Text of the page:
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Kowalski v. Pong

Court of Appeals of Ohio, Second District, Montgomery

December 29, 2017

RICHARD KOWALSKI, et al. Plaintiff-Appellant
v.
THONG V. PONG, et al. Defendant-Appellee

         Civil Appeal from Common Pleas Court No. 15-CV-6432

          ALFRED W. SCHNEBLE III, Atty. Reg. No. 0030741, Attorney for Plaintiff-Appellant

          T. ANDREW VOLLMAR, Atty. Reg. No. 0064033, Attorney for Defendant-Appellee

          OPINION

          HALL, P.J.

         {¶ 1} Richard and Claudine Kowalski appeal from the trial court's dismissal of their personal-injury action against Kristina Hernandez. Finding no error, we affirm.

         I. Background

         {¶ 2} On December 14, 2013, the Kowalskis were involved in an auto accident. They filed a complaint for personal injury against Thong V. Phong, [1] the owner of the other vehicle, on December 9, 2015, a few days before the statute of limitations expired. About a week later, Phong filed an answer stating that he was not involved in the accident. The Kowalskis subsequently discovered that the vehicle was actually driven by Hernandez. So on February 1, 2016, they moved to amend their complaint under Civ.R. 15 or, alternatively, to add Hernandez as a defendant under Civ.R. 21 or to substitute her for Phong under Civ.R. 17.

         {¶ 3} On April 5, 2016, the trial court overruled the motion under Civ.R. 17 but stayed consideration of the motion under Civ.R. 15 and 21, pending an evidentiary hearing. On October 20, the court overruled the motion to add Hernandez as a defendant under Civ.R. 21 and granted the motion to amend the complaint under Civ.R. 15(C). The court allowed the Kowalskis to file an amended complaint that names Hernandez as the sole defendant of a negligence claim. Citing Civ.R. 3(A), the court noted that "[t]he period for commencing the case against Ms. Hernandez, taking into account the date on which Plaintiffs filed their original complaint, runs for approximately seven weeks more, ending on or about December 9, 2016."

         {¶ 4} The Kowalskis immediately filed an amended complaint that requests service on Hernandez at her home address. But the clerk of courts did not issue a summons for service to her. About three months later, on January 31, 2017, the Kowalskis again requested service. This time, the clerk issued a summons for service, but a week later, on February 7, service was returned unsuccessful. On March 27, a motion to dismiss was filed for failure to obtain service on Hernandez within the one-year requirement of Civ.R. 3(A). Two days later, the Kowalskis again asked the clerk to serve Hernandez. She was served successfully on April 5.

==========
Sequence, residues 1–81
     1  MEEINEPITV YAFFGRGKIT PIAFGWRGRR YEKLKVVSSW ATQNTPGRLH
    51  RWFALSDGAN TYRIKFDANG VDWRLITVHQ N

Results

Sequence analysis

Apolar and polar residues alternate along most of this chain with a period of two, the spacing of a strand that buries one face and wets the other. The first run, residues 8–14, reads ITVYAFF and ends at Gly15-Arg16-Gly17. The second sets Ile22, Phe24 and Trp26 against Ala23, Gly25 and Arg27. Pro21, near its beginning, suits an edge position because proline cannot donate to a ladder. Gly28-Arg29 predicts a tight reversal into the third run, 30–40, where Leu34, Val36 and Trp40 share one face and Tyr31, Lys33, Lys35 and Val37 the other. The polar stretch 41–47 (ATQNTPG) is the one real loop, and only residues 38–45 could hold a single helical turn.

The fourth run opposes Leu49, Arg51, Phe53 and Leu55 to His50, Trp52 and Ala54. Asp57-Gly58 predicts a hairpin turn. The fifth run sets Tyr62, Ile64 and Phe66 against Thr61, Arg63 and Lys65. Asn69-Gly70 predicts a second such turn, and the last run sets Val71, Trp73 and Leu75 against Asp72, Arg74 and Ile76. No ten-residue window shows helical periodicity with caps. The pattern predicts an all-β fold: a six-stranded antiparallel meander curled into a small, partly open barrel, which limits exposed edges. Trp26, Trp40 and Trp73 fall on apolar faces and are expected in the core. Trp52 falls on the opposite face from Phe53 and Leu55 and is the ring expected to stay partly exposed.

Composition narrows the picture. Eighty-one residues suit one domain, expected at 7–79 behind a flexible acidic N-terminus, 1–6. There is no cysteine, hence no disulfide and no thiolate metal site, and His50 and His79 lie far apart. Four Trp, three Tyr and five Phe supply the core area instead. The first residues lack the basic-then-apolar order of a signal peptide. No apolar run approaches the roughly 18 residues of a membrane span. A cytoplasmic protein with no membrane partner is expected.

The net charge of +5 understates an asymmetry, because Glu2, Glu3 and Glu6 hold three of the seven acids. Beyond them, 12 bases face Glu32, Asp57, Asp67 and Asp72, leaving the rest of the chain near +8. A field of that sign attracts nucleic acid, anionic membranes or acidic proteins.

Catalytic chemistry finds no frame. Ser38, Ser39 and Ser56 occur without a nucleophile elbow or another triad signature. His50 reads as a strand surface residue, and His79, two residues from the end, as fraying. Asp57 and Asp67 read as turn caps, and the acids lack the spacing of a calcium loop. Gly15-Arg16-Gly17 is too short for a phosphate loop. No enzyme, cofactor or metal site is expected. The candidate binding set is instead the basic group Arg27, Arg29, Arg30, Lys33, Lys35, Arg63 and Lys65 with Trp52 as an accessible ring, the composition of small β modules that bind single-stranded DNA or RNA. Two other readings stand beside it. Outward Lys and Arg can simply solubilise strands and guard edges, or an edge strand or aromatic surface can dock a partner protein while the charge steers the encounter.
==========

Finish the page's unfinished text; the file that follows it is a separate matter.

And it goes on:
{¶ 5} On April 17, the trial court granted the motion to dismiss. The court noted that under Civ.R. 15(C) the substitution of Hernandez for Phong related back to the date that the original complaint was filed, which means that Hernandez was brought into the case before the two-year statute of limitations expired. But under Civ.R. 3(A), said the court, the Kowalskis were still required to obtain service within one year of the original complaint's filing date, which they conceded they had not done.

         {¶ 6} The Kowalskis appealed.

         II. Analysis

         {¶ 7} The sole assignment of error alleges that the trial court erred by granting the motion to dismiss.

         {¶ 8} The trial court dismissed this case because the Kowalskis failed to obtain timely service on Hernandez. Under the applicable two-year statute of limitations, R.C. 2305.10, the Kowalskis had until December 15, 2015, to commence their action for personal injuries. Civ.R. 3(A) pertinently states that "[a] civil action is commenced by filing a complaint with the court, if service is obtained within one year from such filing upon a named defendant, or upon an incorrectly named defendant whose name is later corrected pursuant to Civ.R. 15(C)." Consequently having filed their complaint on December 9, 2015, the Kowalskis had until December 9, 2016, to obtain service on a defendant. It is not disputed that Hernandez was served on April 5, 2017, after the Civ.R. 3(A) deadline. But the Kowalskis contend that ...


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